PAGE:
Posted on Friday, January 25, 2019
As the Lunar New Year nears, Chinese families around the world rush to complete their preparations for welcoming the festivities. Every family has its own traditions. In my own family, my mother would always bake different types of cookies and my grandmother would gather all the children before distributing red packets to all of us. WIth Chinese New Year (CNY) almost here, let us take a look at how traditions have changed over the years.
This is one of the biggest undertakings for a family while preparing for Chinese New Year can be performed over several days or even weeks in advance. This tradition begun as the Chinese believed that cleaning the house would remove the bad luck of the past year as well as welcome good fortune to fill the house in the New Year. On top of this, families were not allowed to sweep the floors or empty the trash at home during the first two days of the festival, in order to avoid bringing misfortune onto the family by sweeping out the good fortune from the New Year.
Today, spring cleaning has changed. We have robot vacuums, robot mops, and even robot window cleaners. There are also specialised companies that offer spring cleaning services, allowing families to continue the tradition with minimal effort.
One of the biggest difficulties people face during the spring cleaning is to decide what to keep and what to throw out. This is where people like Marie Kondo, world-renowned author, organizing consultant, and now, comes in with their emphasis on minimalistic living and decluttering our lives.
For many, this is one of their favourite pre-CNY traditions. People were encouraged to wear new clothing as this signified a prosperous beginning for the New Year. The new clothes usually included new tops, bottoms, undergarments, socks, shoes, and even accessories. Even the pyjamas you wore to usher in the New Year had to be new.
You had to wear colours such as red and/or gold for good luck; while white and black were taboo for their association with death in Chinese culture. Designs with rips or tears were frowned upon as they were thought to attract misfortune and poverty. Traditions regarding clothing also extended to how they were treated. You were not supposed to wash your new clothes during the first days of CNY, as this was during the birthday of the Water God and he might be angered by your laundry. But there was one thing we did that I have stopped doing today.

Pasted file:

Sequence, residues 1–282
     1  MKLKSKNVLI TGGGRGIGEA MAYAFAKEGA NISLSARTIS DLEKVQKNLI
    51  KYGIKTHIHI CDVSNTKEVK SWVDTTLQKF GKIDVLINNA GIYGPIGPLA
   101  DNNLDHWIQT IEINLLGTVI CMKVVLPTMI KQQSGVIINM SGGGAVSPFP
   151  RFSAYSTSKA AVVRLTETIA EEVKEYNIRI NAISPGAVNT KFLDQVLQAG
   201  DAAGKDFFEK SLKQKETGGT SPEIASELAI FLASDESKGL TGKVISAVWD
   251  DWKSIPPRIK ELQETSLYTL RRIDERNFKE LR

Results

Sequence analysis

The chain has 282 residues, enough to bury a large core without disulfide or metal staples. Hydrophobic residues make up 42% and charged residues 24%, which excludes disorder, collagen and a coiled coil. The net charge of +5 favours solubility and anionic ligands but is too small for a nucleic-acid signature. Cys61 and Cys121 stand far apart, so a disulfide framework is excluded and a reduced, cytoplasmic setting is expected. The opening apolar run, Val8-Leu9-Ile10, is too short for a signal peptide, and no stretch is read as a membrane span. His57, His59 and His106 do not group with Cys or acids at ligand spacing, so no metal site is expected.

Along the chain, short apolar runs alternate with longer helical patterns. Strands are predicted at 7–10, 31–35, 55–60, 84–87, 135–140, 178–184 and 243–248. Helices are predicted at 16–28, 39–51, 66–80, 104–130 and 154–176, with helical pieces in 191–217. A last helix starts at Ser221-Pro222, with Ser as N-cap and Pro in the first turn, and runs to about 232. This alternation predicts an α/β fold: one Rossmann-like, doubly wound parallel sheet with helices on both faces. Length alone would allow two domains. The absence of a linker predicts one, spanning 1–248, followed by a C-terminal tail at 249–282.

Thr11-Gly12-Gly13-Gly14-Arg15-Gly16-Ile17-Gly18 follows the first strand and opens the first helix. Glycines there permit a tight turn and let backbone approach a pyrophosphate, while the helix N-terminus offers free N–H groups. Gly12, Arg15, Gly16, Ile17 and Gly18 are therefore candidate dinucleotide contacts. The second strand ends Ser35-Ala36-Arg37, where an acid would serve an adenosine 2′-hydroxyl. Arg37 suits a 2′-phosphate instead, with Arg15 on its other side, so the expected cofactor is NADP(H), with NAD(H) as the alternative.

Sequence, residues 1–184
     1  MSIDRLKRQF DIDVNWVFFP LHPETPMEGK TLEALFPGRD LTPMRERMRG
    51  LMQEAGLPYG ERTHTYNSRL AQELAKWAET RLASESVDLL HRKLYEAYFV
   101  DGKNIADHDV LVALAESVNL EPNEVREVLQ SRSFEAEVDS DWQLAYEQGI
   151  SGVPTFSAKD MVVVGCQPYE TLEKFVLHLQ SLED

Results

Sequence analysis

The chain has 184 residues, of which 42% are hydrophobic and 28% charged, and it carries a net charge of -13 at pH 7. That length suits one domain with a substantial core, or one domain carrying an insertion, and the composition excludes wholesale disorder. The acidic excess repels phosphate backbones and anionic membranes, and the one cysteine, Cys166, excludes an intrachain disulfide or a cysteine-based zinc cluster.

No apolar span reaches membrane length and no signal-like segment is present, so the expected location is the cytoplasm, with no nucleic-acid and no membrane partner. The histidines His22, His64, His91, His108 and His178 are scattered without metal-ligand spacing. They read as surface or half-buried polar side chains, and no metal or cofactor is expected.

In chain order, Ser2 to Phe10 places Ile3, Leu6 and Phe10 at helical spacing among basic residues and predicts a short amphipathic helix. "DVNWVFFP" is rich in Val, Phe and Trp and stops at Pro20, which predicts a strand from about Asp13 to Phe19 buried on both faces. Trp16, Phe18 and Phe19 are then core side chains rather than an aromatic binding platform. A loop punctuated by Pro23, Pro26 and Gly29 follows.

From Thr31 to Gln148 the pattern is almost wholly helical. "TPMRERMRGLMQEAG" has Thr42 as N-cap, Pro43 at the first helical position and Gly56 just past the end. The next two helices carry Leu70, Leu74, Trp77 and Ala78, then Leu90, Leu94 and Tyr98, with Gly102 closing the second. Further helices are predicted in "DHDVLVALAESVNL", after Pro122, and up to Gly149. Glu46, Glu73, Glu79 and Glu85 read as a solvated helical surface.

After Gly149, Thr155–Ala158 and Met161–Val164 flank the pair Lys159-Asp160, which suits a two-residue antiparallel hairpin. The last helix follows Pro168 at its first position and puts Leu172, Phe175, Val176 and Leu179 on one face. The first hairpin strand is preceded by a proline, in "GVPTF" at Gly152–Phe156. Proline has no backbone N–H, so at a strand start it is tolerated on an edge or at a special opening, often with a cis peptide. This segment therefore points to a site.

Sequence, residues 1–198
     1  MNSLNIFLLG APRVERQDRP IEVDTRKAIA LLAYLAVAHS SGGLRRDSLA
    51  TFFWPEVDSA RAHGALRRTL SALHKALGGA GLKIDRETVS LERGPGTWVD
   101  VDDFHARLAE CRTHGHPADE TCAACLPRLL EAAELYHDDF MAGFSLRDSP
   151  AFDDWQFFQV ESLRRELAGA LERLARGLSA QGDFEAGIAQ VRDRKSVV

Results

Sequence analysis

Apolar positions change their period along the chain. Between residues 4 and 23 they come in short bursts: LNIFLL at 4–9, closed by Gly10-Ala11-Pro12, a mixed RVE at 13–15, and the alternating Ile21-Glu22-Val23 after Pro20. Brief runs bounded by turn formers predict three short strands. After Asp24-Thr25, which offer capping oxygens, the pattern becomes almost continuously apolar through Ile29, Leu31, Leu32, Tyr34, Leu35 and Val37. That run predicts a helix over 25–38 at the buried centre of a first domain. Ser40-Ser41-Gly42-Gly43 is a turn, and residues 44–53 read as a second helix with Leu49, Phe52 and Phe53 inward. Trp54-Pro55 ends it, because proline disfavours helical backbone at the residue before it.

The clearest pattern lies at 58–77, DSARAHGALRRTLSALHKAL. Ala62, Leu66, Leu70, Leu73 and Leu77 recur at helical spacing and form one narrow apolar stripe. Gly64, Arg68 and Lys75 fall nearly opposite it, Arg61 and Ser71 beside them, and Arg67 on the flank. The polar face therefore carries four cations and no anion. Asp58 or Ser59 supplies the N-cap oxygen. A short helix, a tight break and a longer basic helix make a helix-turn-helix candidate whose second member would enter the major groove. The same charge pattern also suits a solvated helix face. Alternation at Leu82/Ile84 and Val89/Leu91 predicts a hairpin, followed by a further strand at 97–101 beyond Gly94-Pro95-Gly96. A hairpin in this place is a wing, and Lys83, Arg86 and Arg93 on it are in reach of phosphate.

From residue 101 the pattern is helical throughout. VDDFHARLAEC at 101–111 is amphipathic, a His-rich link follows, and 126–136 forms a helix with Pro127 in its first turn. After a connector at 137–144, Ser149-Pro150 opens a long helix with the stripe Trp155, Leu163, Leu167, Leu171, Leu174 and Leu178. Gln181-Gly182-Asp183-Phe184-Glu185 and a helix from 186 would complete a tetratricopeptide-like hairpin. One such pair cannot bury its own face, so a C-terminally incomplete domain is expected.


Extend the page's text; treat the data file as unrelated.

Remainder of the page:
Some of you may be familiar with it. We had to bite our new shoes! To stop our shoes from ‘biting’ us and prevent blisters, my parents would tell us to bite the back of our shoe. Doing so was supposed to prevent blisters from developing by softening the material rubbing against the heel.
As a podiatrist today, I can understand how biting the back of your shoe could have helped to soften the material, but it is not something I would recommend under any conditions. Without knowing who has previously tried the shoe, or if they had any infectious conditions such as fungal or bacterial infections, biting a shoe can be highly unsanitary and even detrimental to your health!
If you would like to prevent blisters, putting a adhesive bandage at your heel or applying a lubricant such as aloe vera gel or petroleum jelly can help to reduce friction and lower the risk of developing blisters.
Before modern transport made it more convenient to travel, family members living in different parts of China could not gather without great inconvenience and time. As a result, they would gather only during Chinese New Year as that was the only time all of them were able make the trip home.
Growing up, my extended family and I always gathered at my grandmother’s house for reunion dinner on the Chinese New Year Eve. We would eat a huge meal that featured multiple dishes and finish off the meal with pomelo for good luck. It was a meal I always looked forward to as I got to see my cousins and eat some of my favourite foods like tiger prawns and shrimp rolls.
Reunion dinners have changed today. Instead of eating on the eve of the Chinese New Year, more families are gathering to have their meal days or even weeks before the traditional date. Meals have also changed. In the past, meals were usually meant massive affairs that took the whole day to prepare at home. Today, it is increasingly common for families to eat out. The dishes consumed have also evolved over time, increasing in cost, complexity and rarity of ingredients and changing according to changing dietary practices. For example, shark’s fin soup, once a mainstay of the luxurious meal, is much rarer due to ethical concerns.